INSEAD | Ms. Hope & Goodwill
GMAT 740, GPA 3.5
Stanford GSB | Mr. Navy Officer
GMAT 770, GPA 4.0
Harvard | Mr. Milk Before Cereals
GMAT 710, GPA 3.3 (16/20 Portuguese scale)
Stanford GSB | Mr. Rocket Scientist Lawyer
GMAT 730, GPA 3.65 Cumulative
Chicago Booth | Mr. Guy From Taiwan
GRE 326, GPA 3.3
Darden | Mr. Leading Petty Officer
GRE (MCAT) 501, GPA 4.0
Harvard | Mr. Sales To Consulting
GMAT 760, GPA 3.49
INSEAD | Mr. Consulting Fin
GMAT 730, GPA 4.0
Tuck | Mr. Consulting To Tech
GMAT 750, GPA 3.2
Darden | Mr. Federal Consultant
GMAT 780, GPA 3.26
Columbia | Mr. NYC Native
GMAT 710, GPA 3.8
Tepper | Mr. Leadership Developement
GMAT 740, GPA 3.77
Harvard | Ms. Athlete Entrepreneur
GMAT 750, GPA 3.3
Duke Fuqua | Mr. Enlisted Undergrad
GRE 315, GPA 3.75
Darden | Mr. Stock Up
GMAT 700, GPA 3.3
Darden | Mr. Education Consulting
GRE 326, GPA 3.58
Harvard | Ms. Ambitious Hippie
GRE 329, GPA 3.9
Stanford GSB | Mr. Classic Candidate
GMAT 760, GPA 3.9
Stanford GSB | Mr. Unrealistic Ambitions
GMAT 710, GPA 2.0
Stanford GSB | Mr. Equal Opportunity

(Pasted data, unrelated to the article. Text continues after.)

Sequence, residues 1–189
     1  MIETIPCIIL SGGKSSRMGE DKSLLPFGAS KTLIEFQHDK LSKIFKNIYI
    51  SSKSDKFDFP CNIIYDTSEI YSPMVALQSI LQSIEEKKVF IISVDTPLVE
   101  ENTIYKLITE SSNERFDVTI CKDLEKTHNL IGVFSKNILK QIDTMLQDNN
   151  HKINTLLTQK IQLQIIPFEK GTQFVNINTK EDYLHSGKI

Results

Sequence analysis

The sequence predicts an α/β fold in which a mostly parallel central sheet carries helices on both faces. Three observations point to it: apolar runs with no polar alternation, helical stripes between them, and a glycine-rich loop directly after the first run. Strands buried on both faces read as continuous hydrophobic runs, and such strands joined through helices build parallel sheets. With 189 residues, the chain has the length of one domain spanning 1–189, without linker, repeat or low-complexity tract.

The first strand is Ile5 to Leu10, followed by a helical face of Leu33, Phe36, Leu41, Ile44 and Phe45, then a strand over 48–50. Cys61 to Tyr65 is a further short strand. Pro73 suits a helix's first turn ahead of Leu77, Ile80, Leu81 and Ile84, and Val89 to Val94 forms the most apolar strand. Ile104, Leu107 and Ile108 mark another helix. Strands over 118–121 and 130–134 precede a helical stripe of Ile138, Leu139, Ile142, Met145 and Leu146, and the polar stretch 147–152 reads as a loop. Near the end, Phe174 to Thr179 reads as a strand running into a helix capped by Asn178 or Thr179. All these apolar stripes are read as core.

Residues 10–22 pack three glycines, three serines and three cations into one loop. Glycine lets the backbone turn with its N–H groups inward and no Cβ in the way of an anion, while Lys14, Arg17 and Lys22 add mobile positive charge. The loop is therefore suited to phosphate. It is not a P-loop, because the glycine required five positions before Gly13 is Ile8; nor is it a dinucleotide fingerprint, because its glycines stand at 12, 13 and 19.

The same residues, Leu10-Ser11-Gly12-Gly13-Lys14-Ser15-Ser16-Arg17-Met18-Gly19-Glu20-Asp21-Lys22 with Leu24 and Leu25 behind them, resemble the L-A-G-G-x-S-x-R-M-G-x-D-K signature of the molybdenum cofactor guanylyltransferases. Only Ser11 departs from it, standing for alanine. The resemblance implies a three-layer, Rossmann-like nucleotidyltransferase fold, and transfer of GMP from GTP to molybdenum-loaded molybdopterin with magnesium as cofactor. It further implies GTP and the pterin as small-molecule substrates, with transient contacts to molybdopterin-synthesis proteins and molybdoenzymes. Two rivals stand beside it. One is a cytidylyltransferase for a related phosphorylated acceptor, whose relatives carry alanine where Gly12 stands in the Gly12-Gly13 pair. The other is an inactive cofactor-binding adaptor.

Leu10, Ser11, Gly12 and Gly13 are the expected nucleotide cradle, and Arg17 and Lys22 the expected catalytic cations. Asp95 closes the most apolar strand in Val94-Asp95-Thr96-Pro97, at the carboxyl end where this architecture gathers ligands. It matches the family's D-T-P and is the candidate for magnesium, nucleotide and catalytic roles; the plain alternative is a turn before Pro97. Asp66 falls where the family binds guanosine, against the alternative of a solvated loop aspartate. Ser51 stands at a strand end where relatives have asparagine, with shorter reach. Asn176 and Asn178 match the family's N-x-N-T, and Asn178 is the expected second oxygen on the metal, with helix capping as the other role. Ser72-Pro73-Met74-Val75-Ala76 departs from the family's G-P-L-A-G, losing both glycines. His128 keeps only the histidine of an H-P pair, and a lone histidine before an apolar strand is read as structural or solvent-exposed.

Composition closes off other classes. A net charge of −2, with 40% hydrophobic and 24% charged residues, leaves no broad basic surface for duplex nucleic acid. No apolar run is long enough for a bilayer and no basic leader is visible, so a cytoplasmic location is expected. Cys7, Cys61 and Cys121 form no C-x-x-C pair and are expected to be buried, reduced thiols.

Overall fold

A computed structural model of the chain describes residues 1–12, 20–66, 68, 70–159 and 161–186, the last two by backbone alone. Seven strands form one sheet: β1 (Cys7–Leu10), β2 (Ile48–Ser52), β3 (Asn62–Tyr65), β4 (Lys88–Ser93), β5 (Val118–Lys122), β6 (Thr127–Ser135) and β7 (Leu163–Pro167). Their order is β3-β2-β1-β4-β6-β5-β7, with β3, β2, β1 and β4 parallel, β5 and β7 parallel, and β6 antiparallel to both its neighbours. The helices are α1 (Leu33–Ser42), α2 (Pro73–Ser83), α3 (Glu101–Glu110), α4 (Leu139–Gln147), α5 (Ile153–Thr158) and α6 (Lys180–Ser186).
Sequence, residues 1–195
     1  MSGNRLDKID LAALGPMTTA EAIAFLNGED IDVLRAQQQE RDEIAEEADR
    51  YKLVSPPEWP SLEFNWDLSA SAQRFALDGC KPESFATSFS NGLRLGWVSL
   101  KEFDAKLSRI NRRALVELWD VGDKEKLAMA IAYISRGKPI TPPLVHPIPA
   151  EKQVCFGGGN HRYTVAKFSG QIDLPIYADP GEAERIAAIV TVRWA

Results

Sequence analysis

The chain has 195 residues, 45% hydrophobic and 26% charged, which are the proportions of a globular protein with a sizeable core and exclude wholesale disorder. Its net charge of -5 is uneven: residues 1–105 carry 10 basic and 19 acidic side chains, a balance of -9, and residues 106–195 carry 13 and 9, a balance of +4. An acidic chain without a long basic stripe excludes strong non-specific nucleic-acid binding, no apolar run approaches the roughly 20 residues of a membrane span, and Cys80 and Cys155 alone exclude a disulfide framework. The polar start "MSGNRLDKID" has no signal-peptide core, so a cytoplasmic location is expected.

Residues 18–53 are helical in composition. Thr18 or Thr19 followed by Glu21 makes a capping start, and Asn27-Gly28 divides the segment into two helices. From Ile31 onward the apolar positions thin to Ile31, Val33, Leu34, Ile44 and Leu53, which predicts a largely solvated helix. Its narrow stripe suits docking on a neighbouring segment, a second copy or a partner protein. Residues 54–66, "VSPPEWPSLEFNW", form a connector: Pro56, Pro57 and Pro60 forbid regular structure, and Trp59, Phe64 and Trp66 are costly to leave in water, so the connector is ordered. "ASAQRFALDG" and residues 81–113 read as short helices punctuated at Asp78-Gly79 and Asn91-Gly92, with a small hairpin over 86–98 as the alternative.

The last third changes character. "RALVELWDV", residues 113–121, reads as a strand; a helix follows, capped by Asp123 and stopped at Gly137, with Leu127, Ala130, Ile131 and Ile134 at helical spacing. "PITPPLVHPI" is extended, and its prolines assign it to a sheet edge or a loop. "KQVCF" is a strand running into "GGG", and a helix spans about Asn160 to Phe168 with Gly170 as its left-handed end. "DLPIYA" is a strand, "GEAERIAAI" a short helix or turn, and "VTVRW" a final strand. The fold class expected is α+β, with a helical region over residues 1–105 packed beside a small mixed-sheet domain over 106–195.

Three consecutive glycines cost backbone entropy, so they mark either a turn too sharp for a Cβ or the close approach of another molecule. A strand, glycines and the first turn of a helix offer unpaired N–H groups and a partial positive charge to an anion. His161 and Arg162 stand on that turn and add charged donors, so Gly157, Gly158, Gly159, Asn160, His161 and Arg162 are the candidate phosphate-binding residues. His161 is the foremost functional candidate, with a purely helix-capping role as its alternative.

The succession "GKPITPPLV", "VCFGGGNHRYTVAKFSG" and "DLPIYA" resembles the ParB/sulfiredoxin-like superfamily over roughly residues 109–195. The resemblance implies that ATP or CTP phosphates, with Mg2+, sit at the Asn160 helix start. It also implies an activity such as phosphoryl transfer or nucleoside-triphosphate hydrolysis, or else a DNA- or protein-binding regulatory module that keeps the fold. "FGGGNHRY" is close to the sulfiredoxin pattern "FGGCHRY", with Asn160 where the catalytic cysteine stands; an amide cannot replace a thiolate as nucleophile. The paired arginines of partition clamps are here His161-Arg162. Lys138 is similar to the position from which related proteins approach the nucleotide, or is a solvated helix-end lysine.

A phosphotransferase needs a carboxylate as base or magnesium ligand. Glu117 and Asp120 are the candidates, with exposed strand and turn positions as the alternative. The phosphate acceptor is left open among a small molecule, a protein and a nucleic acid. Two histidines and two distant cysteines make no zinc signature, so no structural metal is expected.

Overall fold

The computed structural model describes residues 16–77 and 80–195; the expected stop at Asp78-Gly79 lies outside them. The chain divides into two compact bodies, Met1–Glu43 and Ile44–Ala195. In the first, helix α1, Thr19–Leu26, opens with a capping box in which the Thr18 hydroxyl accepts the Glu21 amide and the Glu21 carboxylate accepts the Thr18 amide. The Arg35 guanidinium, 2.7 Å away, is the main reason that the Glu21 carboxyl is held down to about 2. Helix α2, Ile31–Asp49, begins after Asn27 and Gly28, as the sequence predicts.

GMAT 760, GPA 4.0
Tuck | Mr. Over-Experienced
GRE 330, GPA 3.0
HEC Paris | Mr. Indian Entrepreneur
GMAT 690, GPA 2.1
Chicago Booth | Mr. Community Uplift
GMAT 780, GPA 2.6
UCLA Anderson | Mr. Worldwide
GMAT 730, GPA 3.1
Wharton | Mr. LatAm Indian Trader
GMAT 720, GPA 3.5
Wharton | Mr. MBB to PE
GMAT 740, GPA 3.98
Harvard | Mr. MBB Aspirant
GMAT 780, GPA 3.7

Fraud or Phenom In Sentence Correction

Our world is unforgiving of frauds these days – whether it’s fake internet girlfriends or fraudulently-obtained athletic greatness, fraud is a one-way ticket to front-page real estate and website page views. So with that in mind, like Lance and Manti before me, I have a confession to make:

I am a Sentence Correction fraud. 

Now, as I write this under the banner of a GMAT preparation company and as a supposed GMAT “expert,” I should probably expand on and clarify that, so here’s the whole story:

I am a Sentence Correction fraud, and that’s what’s made me great at Sentence Correction.

Becoming a Fraud

Now, as our world-famous frauds of recent news cycles can attest, these things go in phases. When I started teaching Sentence Correction back in 2003, I felt like I was pretty good at it. Yeah, I secretly hoped that no one asked me whether a certain word was a gerund or whether (or maybe it’s “if”?) you could use a participle in that situation, but a student in my first-ever class scored 770 and got in to Harvard and a friend of mine went from taking 3-4 confused minutes per question to lights-out in under a minute as I tutored him over the phone, so like Lance and Manti I went with it.  Yeah I have a few skeletons in my grammatical closet but you can’t doubt success, right?